"It is all on the line": Paul Ryan makes an awkward plea for a “conservative governing majority,” not so much Trump, at RNC

The Speaker only mentioned the GOP's presumptive nominee twice, yet still got the crowd roaring

By Sophia Tesfaye
July 20, 2016 6:19AM (UTC)
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Paul Ryan speaks during the second day of the Republican National Convention in Cleveland, July 19, 2016. (AP/J. Scott Applewhite)

Well, that was an awkward, if not earnest, speech by the Speaker of the House Paul Ryan during night two of the RNC.

Ryan's address to the Republican foot soldiers gathered in Quicken Loans Arena was meant as a pep rally after a opening night disaster of a plagiarism scandal and ahead of a competitive election this fall.


"Democracy is a series of choices," he told the delegates. "We Republicans have made our choice. Have we had our arguments this year? Sure we have. You know what I call those? Signs of life. Signs of a party that is not just going through the motions, not just mounting, mouthing new words for the same old stuff."

On "Make America Work Again" night of the convention, the speaker was sure to pepper his speech with an overtly negative outlook.

"For a country so ready for change, it feels like we have been cleared for takeoff and somebody announced we are all going back to the gates. It's like we have been on hold forever, waiting to finally talk to a real person and somehow we have been sent back to the main menu," he said.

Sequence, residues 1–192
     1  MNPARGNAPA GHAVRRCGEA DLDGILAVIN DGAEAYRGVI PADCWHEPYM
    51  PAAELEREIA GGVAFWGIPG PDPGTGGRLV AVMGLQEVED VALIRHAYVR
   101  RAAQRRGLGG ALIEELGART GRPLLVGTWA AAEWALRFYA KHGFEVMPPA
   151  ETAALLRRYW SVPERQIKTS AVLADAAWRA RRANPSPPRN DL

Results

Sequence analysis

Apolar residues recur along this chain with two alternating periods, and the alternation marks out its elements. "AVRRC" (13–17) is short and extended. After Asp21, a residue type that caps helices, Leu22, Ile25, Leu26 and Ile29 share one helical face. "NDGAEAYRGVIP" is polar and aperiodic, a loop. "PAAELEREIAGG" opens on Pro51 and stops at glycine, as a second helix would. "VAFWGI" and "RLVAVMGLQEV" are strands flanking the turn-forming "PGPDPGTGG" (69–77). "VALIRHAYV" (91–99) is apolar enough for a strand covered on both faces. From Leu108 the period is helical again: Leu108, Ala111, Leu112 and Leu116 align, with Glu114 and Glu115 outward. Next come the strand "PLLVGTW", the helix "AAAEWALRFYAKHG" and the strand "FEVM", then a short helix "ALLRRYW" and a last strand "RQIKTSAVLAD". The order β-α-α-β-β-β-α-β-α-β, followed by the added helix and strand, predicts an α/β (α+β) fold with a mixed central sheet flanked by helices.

"Watch the Democratic Party convention next week," he said to the crowd, "that four-day infomercial of politically correct moralizing. It'll be a reminder of all that is at stake in this election. You can get through four days with a little help from the mute button. But four more years of it? Not a chance. Not a chance."

“The Republican Party stands as the great enduring alternative party,” he said. “We offer a better way for America, with reforms that actually work,” he said, before listing off the same conservative pablum of less regulation and lower taxes.

"None of this will happen under Hillary Clinton. Only with Donald Trump and Mike Pence do we have a chance of a better way," Ryan said to cheers and applause. "And last point, let the other party go on and on with its constant dividing up of people. Always playing one group against the other as if group identity were everything. In America, aren't we all supposed to be beyond class?"


"Whatever we lack going into this campaign, we should not lack for motivation," Ryan said to end the speech. "In the plainest terms I know, it is all on the line. So let's act that way. Let's act that way."

By the end of it, despite its boring beginning, Ryan energized the room and set-up his 2020 stump speech:



Watch the boring address below:

Sophia Tesfaye

Sophia Tesfaye is Salon's Deputy Politics Editor and resides in Washington, D.C. You can find her on Twitter at @SophiaTesfaye.

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Elections 2016 Gop Paul Ryan Rnc Cleveland